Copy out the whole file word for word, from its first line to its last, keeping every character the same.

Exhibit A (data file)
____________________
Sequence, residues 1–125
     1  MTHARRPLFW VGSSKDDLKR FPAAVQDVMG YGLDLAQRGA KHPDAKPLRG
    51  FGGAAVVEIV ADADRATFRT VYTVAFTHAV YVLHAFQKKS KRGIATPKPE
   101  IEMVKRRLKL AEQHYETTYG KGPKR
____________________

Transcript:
Sequence, residues 1–125
     1  MTHARRPLFW VGSSKDDLKR FPAAVQDVMG YGLDLAQRGA KHPDAKPLRG
    51  FGGAAVVEIV ADADRATFRT VYTVAFTHAV YVLHAFQKKS KRGIATPKPE
   101  IEMVKRRLKL AEQHYETTYG KGPKR